We can picture that, as the NaCl solution enters the freshly regenerated resin bed, Na+ is picked up by the resin and H+ is released into the solution. As the solution travels further down the column, the solution concentration of the Na+ ion decreases and the H+ ion increases. From our equilibrium Reaction 1, we see this will slow things down. In addition, the Na+ ion on the resin is increasing and the H+ on the resin is decreasing. Again, driving forces for completing the reaction are diminished. In addition, as the concentration of the H+ increases while moving down the bed it will equilibrate with any residual Na+ ion still on the bed from the prior regeneration and pull Na+ back into the water phase. This is a very mild regeneration, but it results in the presence of Na+ in the effluent and is referred to as “leakage.” Leakage is assumed to be Na+ since it’s the least tightly held ion in the feed water. One should also note that whenever an ion exchange reaction moves the pH away from pH 7, it will retard the reaction. So the cation exchange reaction is fighting the equilibrium and pH shift right from the start. A more appropriate representation of what happens in two bed DI systems is shown in Reactions 4 and 5.

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Leakage in a typical 7-10 lb HCl regenerated cation exchanger bed will be in the range of a half of 1% of total cations. If we have a 250 ppm of total cation in the feed, we can expect Na+ leakage of 1.25 ppm. While the acid produced in the SAC is totally neutralized and rendered as HOH, the NaCl leakage converts to NaOH. Depending on how good a job one has done on the SAC regeneration, the two bed effluent pH will reflect 1-1.5 ppm of NaOH – around a pH of 9.4 to 9.6. Since the conductivity of NaOH is about 2.5 times that of NaCl, the readings will look more like 3-4 ppm of ionic leakage. Quality-wise, 3-4 ppm (of NaCl) reads as 100-150K ohms. If you use more acid for regeneration, this reading may climb to 250-400K, but you’ll never see 1 megohm water [1 megohm = 1 microsiemens (µS)] with conventional two bed chemistry.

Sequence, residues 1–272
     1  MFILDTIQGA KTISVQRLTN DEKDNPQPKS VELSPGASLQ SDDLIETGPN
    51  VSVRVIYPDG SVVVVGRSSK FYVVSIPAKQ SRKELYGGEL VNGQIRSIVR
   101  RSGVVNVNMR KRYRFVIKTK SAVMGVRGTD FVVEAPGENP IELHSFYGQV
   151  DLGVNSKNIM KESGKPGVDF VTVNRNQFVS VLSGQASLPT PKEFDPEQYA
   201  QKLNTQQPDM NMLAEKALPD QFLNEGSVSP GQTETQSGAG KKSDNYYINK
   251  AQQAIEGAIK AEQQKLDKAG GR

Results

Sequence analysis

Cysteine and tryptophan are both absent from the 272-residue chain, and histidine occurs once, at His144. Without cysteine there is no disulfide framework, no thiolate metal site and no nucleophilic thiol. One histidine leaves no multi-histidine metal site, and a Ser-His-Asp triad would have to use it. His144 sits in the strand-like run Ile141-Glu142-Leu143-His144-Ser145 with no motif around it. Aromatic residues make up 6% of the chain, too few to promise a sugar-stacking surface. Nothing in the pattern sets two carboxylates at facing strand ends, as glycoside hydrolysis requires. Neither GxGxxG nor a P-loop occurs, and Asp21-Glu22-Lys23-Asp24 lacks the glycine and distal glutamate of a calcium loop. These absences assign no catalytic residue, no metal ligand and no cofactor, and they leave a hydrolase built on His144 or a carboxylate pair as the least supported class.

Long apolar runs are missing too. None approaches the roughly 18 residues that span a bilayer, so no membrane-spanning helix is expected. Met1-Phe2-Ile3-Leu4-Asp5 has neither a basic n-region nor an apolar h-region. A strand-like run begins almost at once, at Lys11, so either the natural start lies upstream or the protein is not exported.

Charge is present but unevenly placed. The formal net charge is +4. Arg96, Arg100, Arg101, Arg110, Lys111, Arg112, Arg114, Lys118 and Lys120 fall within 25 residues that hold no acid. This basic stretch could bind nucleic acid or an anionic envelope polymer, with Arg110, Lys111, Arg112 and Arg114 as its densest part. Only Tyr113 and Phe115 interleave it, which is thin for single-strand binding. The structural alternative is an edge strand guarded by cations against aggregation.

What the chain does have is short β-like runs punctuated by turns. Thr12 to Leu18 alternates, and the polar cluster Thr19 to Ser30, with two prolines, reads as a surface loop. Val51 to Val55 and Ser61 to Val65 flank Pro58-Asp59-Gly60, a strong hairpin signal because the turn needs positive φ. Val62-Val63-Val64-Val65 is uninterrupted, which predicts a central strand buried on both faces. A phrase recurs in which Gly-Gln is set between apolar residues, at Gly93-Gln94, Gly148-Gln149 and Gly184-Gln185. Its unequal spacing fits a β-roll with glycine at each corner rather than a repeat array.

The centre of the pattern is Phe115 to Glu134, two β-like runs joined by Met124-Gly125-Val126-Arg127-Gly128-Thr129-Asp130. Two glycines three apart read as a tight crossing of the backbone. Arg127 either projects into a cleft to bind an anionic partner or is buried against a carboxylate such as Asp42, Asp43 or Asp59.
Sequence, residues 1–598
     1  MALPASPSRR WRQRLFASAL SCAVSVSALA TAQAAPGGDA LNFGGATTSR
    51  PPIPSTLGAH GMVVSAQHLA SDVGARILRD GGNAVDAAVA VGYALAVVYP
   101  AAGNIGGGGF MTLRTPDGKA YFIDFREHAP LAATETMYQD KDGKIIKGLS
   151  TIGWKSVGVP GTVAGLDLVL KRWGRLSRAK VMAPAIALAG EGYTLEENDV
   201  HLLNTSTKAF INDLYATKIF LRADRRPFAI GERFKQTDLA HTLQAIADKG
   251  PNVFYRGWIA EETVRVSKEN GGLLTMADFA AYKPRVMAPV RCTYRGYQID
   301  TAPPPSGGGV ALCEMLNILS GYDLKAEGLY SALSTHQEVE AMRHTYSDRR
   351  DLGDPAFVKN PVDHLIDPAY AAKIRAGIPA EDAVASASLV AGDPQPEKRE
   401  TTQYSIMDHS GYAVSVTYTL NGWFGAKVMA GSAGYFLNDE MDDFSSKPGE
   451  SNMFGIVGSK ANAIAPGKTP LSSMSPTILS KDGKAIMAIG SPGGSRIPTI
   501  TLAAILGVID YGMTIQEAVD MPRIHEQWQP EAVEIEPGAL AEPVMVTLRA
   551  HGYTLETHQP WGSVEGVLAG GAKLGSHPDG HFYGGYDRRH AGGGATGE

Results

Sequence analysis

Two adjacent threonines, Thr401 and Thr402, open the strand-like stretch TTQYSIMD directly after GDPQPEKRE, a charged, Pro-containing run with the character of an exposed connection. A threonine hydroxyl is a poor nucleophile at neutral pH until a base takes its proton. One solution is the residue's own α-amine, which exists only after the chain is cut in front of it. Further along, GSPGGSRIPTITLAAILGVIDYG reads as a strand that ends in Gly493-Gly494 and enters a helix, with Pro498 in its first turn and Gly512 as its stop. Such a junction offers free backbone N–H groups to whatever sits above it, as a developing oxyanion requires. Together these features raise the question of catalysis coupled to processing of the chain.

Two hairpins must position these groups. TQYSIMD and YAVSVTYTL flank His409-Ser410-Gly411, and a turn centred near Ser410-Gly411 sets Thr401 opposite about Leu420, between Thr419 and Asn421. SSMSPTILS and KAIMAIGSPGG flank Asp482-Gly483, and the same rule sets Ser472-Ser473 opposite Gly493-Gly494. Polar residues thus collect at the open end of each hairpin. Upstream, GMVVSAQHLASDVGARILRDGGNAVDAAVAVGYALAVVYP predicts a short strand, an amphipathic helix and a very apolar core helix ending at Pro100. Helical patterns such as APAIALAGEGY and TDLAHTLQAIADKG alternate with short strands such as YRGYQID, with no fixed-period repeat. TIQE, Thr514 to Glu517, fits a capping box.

Adding a layer of complexity but still keeping with simplicity of two bed is “counter-flow” regeneration, where the fresh regenerant chemical is run counter to the service flow (assume service is down-flow). To be successful, the beds must be held in place during regeneration, which is usually up-flow. This is to preserve the polishing zone at the bottom of the bed. The blocking flow of water is the added layer of equipment. A regenerant take-off lateral positioned just above the resin bed serves as the outlet for the acid regenerant and blocking water. Counter-flow systems are backwashed infrequently to keep the polishing zone at the bottom of the bed intact. The advantage of counter-flow is lower leakage. According to the literature, leakage is only about 10-20% of conventional regeneration. We could expect Na+ leakages of 0.1-0.25 ppm and a quality reading of 700,000-1,000,000 ohms.